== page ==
WASHINGTON -- It was third-time lucky for Justin Trudeau in Washington on Thursday as U.S. President Donald Trump welcomed his "friend" the hard-working Canadian prime minister and offered to help him out of a jam with China.
One year after Trump insulted Trudeau after leaving the G7 in Quebec -- dishonest, weak, meek, mild is how he described him on Twitter -- the president displayed a statesman's grace in welcoming the Canadian leader.
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Trump signalled Thursday he will raise the issue of two Canadians detained in China when he meets with the Chinese president next week. And even though he held to his tough talk on tariffs, refusing to rule out using them in the future, he praised his North American neighbours for crafting an excellent new trade agreement.
The aura of restraint that Trump projected came on a tense morning as his administration was seized with responding to Iran's Revolutionary Guard shooting down a U.S. surveillance drone. The move sparked competing and unverifiable accounts over where the downing occurred and deepened a conflict between the U.S. and Iran but Trump was adamant the plane was in international waters.
Trudeau's trip to Washington, including his third Oval Office visit since Trump assumed power in2017, was aimed primarily at pushing the new North American trade agreement over the finish line in both countries.
"He's been a friend of mine. We've worked hard together. We worked, in particular, on the USMCA," Trump said, using the acronym for his preferred name for the new trade pact, the United States-Mexio-Canada Agreement.
After his meeting with Trump, Trudeau announced co-operation on a series of initiatives, include a new push to combat the opioid crisis in both countries. They also agreed to speed up two previous plans to ease the flow of goods and people across the border: a new preclearance plan and a long-planned sharing of information on people entering and exiting the two countries will begin this summer.
Speaking to reporters as he and Trudeau sat in the Oval Office, Trump vowed to do whatever he could do to help Michael Spavor and Michael Kovrig when he meets China's President Xi Jinping at next week's G20 leaders' summit in Japan, if Trudeau -- as expected -- asks for his help.
The two Canadians have been languishing behind bars in China since shortly after Canada arrested high-tech executive Meng Wanzhou late last year at the behest of U.S. authorities.
Canada has been caught in the crossfire after the RCMP arrested Meng last December in Vancouver, where she awaits extradition south of the border to face allegations of fraud in violating Iran sanctions.
Trudeau doesn't have a planned meeting with Xi, unlike Trump. The U.S.-China meeting next week is focused on a trade deal.
"I'll represent him well, I will tell you," Trump said. "We'll see what happens, but anything I can do to help Canada I will be doing . . . I would, at Justin's request, I will actually bring it up."
Trudeau said he and Trump had an "extended conversation" about the situation Canada finds itself in with China, which includes blocking imports of Canadian canola and pork. But what Trump will say to Xi isn't clear -- all Trudeau would say is that he expects Kovrig and Spavor to be on the agenda for the Trump-Xi meeting.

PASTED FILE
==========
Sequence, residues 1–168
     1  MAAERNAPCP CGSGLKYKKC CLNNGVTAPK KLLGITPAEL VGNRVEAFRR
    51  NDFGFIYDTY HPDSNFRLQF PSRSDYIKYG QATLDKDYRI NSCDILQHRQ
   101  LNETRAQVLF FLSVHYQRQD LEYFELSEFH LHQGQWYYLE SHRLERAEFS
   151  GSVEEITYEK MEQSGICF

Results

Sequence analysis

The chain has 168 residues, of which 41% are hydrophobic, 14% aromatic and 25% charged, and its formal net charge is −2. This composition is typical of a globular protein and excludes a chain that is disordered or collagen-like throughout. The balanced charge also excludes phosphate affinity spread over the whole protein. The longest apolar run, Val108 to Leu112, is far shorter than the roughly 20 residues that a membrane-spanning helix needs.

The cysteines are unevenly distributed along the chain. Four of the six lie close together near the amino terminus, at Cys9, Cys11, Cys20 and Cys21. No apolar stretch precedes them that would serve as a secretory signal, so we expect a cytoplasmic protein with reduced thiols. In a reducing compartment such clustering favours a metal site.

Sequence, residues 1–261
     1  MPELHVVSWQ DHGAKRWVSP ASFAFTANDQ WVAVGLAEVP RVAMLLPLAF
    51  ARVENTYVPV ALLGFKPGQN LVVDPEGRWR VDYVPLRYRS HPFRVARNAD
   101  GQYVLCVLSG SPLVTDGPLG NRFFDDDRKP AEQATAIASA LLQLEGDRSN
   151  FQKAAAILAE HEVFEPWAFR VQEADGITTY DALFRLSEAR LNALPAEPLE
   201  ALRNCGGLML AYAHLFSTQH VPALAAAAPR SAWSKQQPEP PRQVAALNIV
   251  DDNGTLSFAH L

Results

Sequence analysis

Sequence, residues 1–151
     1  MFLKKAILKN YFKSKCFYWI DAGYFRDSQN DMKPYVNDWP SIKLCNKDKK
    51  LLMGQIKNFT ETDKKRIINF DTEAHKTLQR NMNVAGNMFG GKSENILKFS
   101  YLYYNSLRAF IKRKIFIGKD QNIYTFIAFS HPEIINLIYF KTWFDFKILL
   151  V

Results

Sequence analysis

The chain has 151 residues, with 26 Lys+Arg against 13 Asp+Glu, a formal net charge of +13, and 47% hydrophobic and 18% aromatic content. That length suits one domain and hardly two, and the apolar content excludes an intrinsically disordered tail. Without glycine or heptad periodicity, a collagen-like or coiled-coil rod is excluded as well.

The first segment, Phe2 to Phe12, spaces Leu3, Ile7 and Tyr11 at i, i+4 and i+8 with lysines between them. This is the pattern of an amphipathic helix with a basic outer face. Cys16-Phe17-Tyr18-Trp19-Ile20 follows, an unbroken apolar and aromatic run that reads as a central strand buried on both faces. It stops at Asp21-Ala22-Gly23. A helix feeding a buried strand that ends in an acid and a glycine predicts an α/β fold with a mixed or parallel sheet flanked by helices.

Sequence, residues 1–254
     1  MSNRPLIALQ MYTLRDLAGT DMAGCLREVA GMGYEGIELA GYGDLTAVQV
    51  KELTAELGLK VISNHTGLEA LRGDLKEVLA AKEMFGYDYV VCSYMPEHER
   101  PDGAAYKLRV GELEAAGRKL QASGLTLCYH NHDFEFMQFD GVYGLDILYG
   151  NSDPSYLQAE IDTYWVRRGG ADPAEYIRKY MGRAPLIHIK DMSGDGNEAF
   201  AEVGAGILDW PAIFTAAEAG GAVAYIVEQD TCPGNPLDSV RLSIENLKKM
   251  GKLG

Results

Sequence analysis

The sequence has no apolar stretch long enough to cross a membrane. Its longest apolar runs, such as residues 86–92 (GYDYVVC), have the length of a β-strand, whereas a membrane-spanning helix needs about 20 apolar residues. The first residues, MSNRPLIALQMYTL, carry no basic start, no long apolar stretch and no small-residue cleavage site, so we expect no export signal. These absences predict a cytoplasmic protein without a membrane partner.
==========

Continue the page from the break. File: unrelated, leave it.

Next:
Conservative foreign-affairs critic Erin O'Toole said it is about time someone talks to Xi about the situation.
"After half a year of inaction and bungling by the Liberals, the crisis will finally be raised directly with the Chinese president, but it will take the United States to make our case. While this is a positive step, it is frustrating Trudeau let the crisis deepen over half a year," said O'Toole.
Trump and Trudeau projected genuine enthusiasm for the hard-fought completion of a new North American trade deal.
Canada has started the ratification process, with legislation making its way through Parliament. Lawmakers in Mexico voted Wednesday in a landslide to ratify the deal, which Trudeau said he was pleased to see.
But now Trump needs to persuade his Democratic opponents in the House of Representatives -- in particular Speaker Nancy Pelosi -- to allow the actual start of the ratification of the USMCA.
Pelosi and her fellow Democrats want stronger enforcement mechanisms for the deal's new labour and environmental provisions.
Trump sounded upbeat in the Oval Office.
"Let's see what happens, but I really believe that Nancy Pelosi and the House will approve it, I think the Senate will approve it rapidly," the president said. "I think Nancy Pelosi is going to do the right thing."
Trump also said it was a "terrific thing" that Trudeau was to make the rounds on Capitol Hill with Pelosi and the U.S. Senate majority leader Mitch McConnell.
(The meeting with McConnell, the Senate's top Republican, was cancelled because of the U.S.-Iran situation but his support for the new NAFTA is all but a given. Trudeau spoke with him by phone before leaving Washington on Thursday night.)
Speaking on Capitol Hill next to Trudeau, Pelosi said she looked forward to a "lively discussion" on global security issues and the economic relationship between the two countries, particularly regarding trade.
Though Trudeau made clear he wants to stay out of U.S. domestic political wrangling, he reaffirmed his view that it is a done deal that can't be reopened because it could lead to "worse outcomes for Canadians and for Canada."
"We recognize, however, that the U.S. is going through its process and we remain alert to potential challenges and opportunities that may come through that process."